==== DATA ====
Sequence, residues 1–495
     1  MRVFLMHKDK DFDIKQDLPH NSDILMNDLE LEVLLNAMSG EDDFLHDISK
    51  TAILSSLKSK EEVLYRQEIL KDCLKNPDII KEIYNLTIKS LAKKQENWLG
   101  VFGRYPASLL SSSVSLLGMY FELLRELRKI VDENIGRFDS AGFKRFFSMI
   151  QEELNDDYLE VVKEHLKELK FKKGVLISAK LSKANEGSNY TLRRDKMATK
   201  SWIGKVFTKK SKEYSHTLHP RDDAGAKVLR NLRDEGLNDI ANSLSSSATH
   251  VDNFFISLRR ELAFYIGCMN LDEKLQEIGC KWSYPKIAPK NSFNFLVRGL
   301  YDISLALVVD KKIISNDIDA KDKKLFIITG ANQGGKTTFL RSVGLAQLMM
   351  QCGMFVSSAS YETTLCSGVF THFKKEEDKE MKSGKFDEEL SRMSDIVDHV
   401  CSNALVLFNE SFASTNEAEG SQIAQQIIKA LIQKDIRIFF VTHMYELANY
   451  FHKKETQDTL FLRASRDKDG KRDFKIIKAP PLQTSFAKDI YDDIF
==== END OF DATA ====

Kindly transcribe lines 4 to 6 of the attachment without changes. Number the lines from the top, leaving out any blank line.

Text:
   101  VFGRYPASLL SSSVSLLGMY FELLRELRKI VDENIGRFDS AGFKRFFSMI
   151  QEELNDDYLE VVKEHLKELK FKKGVLISAK LSKANEGSNY TLRRDKMATK
   201  SWIGKVFTKK SKEYSHTLHP RDDAGAKVLR NLRDEGLNDI ANSLSSSATH